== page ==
The Indianapolis Repertory Theatre is putting on a thoroughly delightful production of Jane Austen’s romantic comedy Pride and Prejudice. For fans of the novel, there may be a quibble here or two, but no disappointments. For those who haven’t yet enjoyed an extended country visit with the Bennet family, it’s a delightful introduction.
Mark Goetzinger and the IRT’s Associate Artistic Director Priscilla Lindsay are the whimsically long-suffering Mr. Bennet and his delightfully, maddeningly, ditzy wife, Mrs. Bennet. Goetzinger had just the right balance of gentle amazement and detachment. Lindsay was wonderfully comic as a woman totally involved with the marrying off of five dowerless daughters. The audience sometimes simply began laughing as soon as she entered a scene.
The whole cast of twenty characters played by fifteen fine actors did very well. I’ll focus on the Bennet’s. Carey Cannon made a superb, cool yet passionate daughter, Elizabeth Bennet. Elizabeth was very much the center of things. In the central conflict of Pride and Prejudice she dueled effectively with the pride of Mr. Darcey, played with appropriately restrained passion by Jason Bradley, even when her own position was based on her prejudice. Elizabeth refused a marriage offer from the comically dull, toadying clergyman Mr. Collins, Patrick New. She warmly sympathized with and supported her sister Miss Jane Bennet, sunnily portrayed by Jenny McKnight, in her romance with the Mr. Bingley of Brian Hamman. Elizabeth even succeeded in taking and holding the high ground with the neighborhood dragon, Lady Catherine De Bourgh, played by Lesley Bevan.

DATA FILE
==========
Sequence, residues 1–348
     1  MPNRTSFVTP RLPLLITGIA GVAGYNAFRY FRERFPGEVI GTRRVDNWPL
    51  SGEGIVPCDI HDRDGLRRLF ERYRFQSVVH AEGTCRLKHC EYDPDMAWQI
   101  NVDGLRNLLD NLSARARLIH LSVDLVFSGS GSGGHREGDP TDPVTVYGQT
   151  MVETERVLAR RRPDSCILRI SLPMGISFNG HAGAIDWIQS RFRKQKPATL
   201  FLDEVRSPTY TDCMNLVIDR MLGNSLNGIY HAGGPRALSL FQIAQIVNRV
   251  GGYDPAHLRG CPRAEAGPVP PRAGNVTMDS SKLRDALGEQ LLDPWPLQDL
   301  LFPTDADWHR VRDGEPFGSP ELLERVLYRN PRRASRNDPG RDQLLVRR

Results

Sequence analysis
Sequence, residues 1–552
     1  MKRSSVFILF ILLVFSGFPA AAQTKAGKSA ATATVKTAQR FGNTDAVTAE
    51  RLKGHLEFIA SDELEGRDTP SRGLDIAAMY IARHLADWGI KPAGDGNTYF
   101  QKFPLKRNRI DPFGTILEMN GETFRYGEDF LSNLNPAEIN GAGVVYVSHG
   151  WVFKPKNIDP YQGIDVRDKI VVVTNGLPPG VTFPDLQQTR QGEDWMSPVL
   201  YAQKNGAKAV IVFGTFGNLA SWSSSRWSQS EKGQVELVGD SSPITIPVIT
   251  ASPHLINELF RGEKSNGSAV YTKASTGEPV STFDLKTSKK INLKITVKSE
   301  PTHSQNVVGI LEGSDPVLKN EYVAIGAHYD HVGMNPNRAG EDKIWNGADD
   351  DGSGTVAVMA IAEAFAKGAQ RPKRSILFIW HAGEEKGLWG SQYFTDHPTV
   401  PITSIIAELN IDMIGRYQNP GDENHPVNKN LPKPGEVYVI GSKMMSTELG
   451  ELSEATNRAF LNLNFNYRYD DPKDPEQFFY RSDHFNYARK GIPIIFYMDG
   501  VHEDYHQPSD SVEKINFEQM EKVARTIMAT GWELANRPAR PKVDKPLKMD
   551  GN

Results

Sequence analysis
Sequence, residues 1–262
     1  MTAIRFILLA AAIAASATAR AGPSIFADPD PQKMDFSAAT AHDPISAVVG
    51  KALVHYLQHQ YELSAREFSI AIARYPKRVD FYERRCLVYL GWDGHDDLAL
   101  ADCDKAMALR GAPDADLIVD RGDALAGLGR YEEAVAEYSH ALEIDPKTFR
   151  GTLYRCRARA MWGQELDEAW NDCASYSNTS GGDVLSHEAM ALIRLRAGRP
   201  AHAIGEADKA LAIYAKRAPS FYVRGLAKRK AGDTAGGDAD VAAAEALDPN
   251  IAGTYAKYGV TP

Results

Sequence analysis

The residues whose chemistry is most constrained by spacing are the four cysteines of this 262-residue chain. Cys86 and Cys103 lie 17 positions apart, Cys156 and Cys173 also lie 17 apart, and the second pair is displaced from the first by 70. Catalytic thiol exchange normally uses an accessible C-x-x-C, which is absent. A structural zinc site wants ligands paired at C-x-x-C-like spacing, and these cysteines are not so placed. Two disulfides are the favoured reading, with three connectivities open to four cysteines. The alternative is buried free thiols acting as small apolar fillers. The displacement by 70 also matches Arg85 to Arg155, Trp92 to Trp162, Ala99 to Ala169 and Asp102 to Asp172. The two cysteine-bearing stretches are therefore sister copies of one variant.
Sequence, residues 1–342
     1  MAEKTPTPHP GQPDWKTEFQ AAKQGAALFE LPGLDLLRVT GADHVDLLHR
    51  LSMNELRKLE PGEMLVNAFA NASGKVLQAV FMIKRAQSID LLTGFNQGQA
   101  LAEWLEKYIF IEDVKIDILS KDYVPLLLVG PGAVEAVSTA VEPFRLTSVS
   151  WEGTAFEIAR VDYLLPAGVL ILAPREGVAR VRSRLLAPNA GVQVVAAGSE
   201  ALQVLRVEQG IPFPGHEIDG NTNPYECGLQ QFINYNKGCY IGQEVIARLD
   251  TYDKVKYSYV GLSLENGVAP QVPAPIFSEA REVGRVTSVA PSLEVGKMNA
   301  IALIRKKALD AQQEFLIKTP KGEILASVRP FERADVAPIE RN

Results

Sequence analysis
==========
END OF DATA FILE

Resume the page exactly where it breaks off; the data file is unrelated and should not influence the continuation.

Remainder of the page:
Rounding out the family, Anne Thompson was dryly effective as the intellectual daughter, Mary. Krys Ptaskinski was winsome as the perky Kitty. Brandy McClendon was Lydia, the daughter who falls for the wicked Mr. Wickham, played with a certain oily handsomeness by Grant Goodman.
The IRT has quite a reputation for the quality of its sets and Robert Koharchik’s work here is quite a wonder. There’s a general scene of painting of the English countryside framed with richly paneled mahogany decorated with gold. The set changes almost magically to become a library, a family setting, a ballroom and even an outdoor park. Costumes by Gail Brassard and the music by Andrew Hopson were a pleasure by themselves and richly evoked the period.
Pride and Prejudice is a complicated story with formal and informal moments. Director Peter Amster has done a very creative production that has an active and energetic flow throughout. Jane Austen’s language is nicely in the forefront for the ear, but there’s plenty of action for the eye as well
The Indianapolis Repertory Theatre’s masterful production of Jane Austen’s "Pride and Prejudice" runs through October 9th.